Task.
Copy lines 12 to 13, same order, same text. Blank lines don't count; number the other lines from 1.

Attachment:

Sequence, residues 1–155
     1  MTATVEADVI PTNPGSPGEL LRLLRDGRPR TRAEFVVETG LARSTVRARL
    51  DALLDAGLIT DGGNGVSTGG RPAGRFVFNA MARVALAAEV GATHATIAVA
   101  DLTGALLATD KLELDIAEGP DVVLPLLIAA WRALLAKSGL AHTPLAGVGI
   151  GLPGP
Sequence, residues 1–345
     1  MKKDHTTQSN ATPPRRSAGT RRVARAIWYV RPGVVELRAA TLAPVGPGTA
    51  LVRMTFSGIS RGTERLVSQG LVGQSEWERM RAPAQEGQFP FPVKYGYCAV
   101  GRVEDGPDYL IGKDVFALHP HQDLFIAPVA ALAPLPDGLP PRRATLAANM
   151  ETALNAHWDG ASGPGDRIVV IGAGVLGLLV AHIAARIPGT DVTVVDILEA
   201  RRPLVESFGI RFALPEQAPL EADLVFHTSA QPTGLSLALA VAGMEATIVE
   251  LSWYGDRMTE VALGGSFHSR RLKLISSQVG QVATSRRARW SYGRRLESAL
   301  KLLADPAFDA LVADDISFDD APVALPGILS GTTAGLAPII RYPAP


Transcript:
   251  LSWYGDRMTE VALGGSFHSR RLKLISSQVG QVATSRRARW SYGRRLESAL
   301  KLLADPAFDA LVADDISFDD APVALPGILS GTTAGLAPII RYPAP